CINCINNATI — City Council's Law and Public Safety Committee meeting Tuesday morning had a special guest: Ohio Gov. Mike DeWine video-conferenced into the meeting to brief local lawmakers on his vision for police reform across the state.
DeWine said Cincinnati stands as a role model statewide for its collaborative agreement, which aimed at improving police and community relationships in the wake of the 2001 shooting of an unarmed black man by a Cincinnati police officer and the riots in Over-the-Rhine and Downtown that followed. But to continue moving forward, DeWine said police officers need to be treated like any other professional, meaning there must be proper oversight and discipline.
"To be a police officer is a profession, and we should treat it that way, just as we treat a dentist or a doctor or any other profession" DeWine said Tuesday. "One of the goals that we have, no matter where you live in the state of Ohio... (is) that there's some uniformity as far as law enforcement is concerned."
DeWine's police reform plan would institute a statewide police oversight board, which would guide police licensing and the discipline of officers.
"A board would establish standards of conduct; it would receive complaints regarding violations of that conduct; it would conduct investigations of those complaints," DeWine said.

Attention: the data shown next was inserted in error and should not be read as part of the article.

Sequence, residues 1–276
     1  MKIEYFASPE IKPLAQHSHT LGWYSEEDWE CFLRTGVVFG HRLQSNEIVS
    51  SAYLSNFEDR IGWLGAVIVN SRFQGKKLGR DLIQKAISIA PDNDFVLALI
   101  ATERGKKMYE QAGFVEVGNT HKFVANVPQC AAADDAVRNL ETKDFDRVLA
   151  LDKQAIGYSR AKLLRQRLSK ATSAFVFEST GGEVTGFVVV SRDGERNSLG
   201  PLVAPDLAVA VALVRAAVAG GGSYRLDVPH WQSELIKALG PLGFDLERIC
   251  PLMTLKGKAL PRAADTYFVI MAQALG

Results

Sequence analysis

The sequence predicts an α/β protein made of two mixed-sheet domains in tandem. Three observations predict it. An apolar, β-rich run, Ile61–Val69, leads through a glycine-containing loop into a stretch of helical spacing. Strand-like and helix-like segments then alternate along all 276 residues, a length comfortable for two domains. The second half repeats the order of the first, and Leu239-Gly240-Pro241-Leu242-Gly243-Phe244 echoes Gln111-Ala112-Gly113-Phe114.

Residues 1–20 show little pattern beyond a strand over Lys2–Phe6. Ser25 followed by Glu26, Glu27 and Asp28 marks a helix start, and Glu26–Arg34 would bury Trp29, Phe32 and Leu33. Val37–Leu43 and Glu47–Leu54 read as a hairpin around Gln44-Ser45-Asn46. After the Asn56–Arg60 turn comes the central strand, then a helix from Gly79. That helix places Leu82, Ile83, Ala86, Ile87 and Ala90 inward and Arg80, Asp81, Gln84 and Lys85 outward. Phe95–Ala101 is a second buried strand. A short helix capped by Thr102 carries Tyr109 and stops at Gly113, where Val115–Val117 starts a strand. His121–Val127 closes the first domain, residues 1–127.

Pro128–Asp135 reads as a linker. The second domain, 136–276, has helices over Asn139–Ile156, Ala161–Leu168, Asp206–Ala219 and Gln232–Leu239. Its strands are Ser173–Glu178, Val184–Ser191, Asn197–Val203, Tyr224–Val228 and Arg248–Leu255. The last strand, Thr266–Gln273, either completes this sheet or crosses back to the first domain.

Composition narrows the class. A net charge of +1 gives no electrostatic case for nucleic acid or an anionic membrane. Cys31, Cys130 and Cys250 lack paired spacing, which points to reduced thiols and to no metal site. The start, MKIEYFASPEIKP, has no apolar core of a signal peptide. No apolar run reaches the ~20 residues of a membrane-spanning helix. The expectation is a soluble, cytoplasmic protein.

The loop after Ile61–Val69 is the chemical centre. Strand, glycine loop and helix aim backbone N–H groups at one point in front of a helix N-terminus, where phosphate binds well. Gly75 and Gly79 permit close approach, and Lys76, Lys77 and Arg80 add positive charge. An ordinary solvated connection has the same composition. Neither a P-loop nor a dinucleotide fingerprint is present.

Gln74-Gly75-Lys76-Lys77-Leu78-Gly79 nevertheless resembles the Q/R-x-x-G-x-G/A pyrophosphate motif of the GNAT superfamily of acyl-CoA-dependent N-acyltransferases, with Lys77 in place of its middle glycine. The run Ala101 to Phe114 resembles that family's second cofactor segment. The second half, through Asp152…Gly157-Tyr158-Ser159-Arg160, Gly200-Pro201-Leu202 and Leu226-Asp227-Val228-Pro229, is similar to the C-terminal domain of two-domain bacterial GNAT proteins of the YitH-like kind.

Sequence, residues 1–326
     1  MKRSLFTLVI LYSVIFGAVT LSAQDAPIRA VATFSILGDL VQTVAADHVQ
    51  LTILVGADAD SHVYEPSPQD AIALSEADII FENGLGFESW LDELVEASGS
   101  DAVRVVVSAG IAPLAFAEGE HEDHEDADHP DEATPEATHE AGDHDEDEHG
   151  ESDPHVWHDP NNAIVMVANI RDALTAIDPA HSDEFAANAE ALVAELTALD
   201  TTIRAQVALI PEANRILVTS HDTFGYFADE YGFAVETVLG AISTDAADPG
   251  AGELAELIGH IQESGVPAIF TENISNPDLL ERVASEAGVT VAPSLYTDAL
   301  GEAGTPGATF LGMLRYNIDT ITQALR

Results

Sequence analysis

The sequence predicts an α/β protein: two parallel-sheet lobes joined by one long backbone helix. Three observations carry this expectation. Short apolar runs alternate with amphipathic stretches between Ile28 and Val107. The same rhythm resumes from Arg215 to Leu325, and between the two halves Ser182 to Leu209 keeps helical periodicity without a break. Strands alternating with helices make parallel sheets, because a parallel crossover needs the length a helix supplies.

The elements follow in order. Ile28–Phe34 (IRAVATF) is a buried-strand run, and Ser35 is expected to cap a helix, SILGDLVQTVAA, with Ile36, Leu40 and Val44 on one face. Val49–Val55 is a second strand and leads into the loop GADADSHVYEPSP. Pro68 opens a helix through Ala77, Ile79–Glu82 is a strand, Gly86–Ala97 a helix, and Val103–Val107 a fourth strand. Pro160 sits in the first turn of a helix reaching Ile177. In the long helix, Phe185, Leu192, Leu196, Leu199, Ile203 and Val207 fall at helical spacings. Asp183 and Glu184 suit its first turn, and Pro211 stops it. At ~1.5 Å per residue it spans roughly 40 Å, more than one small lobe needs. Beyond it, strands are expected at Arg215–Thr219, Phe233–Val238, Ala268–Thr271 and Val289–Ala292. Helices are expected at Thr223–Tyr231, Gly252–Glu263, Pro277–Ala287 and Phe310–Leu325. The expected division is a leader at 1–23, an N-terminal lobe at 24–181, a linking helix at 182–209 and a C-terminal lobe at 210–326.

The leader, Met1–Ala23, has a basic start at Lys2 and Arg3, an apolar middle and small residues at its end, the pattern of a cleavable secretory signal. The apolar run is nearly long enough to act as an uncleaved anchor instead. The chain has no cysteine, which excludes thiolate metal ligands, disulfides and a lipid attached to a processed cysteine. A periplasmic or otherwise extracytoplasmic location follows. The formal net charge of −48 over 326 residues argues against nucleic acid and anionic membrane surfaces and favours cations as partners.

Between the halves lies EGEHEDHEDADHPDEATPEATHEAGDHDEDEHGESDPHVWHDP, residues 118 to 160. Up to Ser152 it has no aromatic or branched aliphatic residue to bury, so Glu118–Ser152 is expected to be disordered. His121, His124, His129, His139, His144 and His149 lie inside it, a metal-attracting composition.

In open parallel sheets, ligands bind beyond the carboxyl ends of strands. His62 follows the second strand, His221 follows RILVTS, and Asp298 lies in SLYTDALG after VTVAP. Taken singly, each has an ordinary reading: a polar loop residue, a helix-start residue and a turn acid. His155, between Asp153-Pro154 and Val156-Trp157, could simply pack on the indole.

That board would also have the power to suspend or terminate an officer.
Cincinnati Police Chief Eliot Isaac said he supports the idea, calling it a "natural progression."
"I think, just as though a nurse or a doctor or a pharmacist, you are conditioned and licensed by a board, it's the same way for a police officer," he said. "You hold your certification through the Ohio Police Officers Training Academy. For officers that are found or known to be involved in misconduct, I think that will be great by revoking that license so that they can't hop from department to department."
DeWine emphasized, though, that his plan is not meant to take disciplinary control away from local departments.
"What we want to do is to, in some respects, enhance that and give more power, more authority locally, while at the same time setting strong statewide standards," DeWine said.